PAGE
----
Several species of squirrels live in trees in the state of Iowa, including fox, red, gray and southern flying squirrels. Except for the flying squirrels, the little animals tolerate forest fragmentation well, allowing high numbers of them to live in small territories. They survive thanks to their ability to adapt to a wide range of conditions in fields, backyards and even bird feeders.
The smallest squirrel, the red squirrel, sports a red coat of fur except for its underparts, which are white. Red squirrels grow up to 13 inches long. Gray squirrels grow up to 10 inches long and look brown or gray with bushy tails. The state's largest squirrel, the fox squirrel, grows up to 15 inches long with orange-tinged fur and a bushy tail. Near Council Bluffs, Iowa, there's a population of black fox squirrels. Southern flying squirrels also sport bushy tails, but they rely on a large membrane between their front and hind legs to move from tree to tree.
Fox and gray squirrels live in forests and woodlands as well as in yards and landscapes in residential areas. Red squirrels live in forested areas in north-central and northeast Iowa. Flying squirrels also live in forests, preferring large, mature trees in older wood lots, especially hickory and oak trees.
Fox and gray squirrels rely on nuts, flowers, fruit, and new buds from nut trees, including hickory, pecan, oak and walnut trees. Red squirrels eat seeds from conifers, as well as acorns, mushrooms, walnuts, hickory nuts and seeds from trees. A big pile of shredded cones and husks indicates the presence of a red squirrel. The flying squirrel eats much the same food as the other squirrels, but also eats bird eggs and nestlings as well as insects, other small mammals and carrion.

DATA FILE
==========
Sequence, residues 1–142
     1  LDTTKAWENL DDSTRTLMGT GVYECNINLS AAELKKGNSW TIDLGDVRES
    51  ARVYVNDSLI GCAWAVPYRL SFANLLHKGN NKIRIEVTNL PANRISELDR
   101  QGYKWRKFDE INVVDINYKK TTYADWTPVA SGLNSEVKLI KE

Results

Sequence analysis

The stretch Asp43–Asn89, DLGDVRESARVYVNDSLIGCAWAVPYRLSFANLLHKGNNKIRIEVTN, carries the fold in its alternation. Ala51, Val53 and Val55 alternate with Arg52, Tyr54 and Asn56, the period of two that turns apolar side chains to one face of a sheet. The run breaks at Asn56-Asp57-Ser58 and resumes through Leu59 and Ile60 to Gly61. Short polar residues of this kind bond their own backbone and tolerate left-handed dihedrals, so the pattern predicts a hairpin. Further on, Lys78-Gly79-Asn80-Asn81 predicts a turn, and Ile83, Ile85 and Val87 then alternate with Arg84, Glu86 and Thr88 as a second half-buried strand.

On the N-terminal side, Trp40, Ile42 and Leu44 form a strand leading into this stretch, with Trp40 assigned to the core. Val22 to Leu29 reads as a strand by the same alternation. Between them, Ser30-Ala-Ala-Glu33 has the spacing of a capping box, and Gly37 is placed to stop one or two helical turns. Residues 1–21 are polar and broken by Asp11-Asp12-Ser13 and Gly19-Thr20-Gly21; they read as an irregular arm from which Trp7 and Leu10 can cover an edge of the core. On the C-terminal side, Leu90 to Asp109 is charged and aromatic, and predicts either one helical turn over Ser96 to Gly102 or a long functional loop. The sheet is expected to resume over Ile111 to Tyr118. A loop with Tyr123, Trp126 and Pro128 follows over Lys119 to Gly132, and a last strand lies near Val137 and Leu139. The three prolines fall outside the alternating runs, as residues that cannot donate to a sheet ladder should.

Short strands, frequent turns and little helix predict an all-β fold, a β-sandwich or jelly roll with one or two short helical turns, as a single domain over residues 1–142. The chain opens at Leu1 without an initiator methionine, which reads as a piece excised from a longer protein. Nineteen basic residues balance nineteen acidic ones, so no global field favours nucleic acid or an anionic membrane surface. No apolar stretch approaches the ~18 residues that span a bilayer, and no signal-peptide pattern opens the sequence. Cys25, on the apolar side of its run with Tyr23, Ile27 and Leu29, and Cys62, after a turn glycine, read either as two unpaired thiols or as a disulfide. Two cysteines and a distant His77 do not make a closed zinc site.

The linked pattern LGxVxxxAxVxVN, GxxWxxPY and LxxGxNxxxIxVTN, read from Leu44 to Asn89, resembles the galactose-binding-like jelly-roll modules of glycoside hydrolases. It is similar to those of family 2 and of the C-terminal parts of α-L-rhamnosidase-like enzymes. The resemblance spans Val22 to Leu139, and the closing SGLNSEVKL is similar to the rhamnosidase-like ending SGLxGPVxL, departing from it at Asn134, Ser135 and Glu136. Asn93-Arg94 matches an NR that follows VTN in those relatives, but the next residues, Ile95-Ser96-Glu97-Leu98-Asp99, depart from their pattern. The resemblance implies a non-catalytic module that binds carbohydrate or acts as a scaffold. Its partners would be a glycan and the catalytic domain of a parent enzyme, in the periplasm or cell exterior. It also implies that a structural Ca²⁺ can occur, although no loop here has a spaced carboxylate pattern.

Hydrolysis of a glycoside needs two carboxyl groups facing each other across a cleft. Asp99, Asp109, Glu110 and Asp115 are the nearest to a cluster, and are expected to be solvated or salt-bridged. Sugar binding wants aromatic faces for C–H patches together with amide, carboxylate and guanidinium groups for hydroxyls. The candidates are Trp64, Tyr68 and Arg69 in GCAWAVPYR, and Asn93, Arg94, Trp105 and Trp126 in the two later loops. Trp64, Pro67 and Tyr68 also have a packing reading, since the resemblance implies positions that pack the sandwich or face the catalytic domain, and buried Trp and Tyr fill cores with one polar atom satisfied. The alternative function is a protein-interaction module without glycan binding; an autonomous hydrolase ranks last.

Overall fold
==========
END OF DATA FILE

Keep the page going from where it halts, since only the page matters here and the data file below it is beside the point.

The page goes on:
Unlike fox, red and gray squirrels, flying squirrels rarely come out during the daytime, choosing to hunt at night. The flying squirrel does not fly, but instead glides through the air, relying on the skin between its legs to help it sail across open spaces. Red squirrels remain the most vocal of the four squirrels, using scolding chatters and whistles when people walk nearby.
Red, fox, and gray squirrels mate in late winter, using cavities in dead trees for nests. The red squirrel builds a ball-shaped nest in the tops of trees if enough cavities are not available. In the spring, the female gives birth to two to five hairless babies who become independent just 12 weeks later. Flying squirrels mate in early spring on the one day the female is receptive. The babies grow for about five weeks before they leave the nest and begin to eat solid food.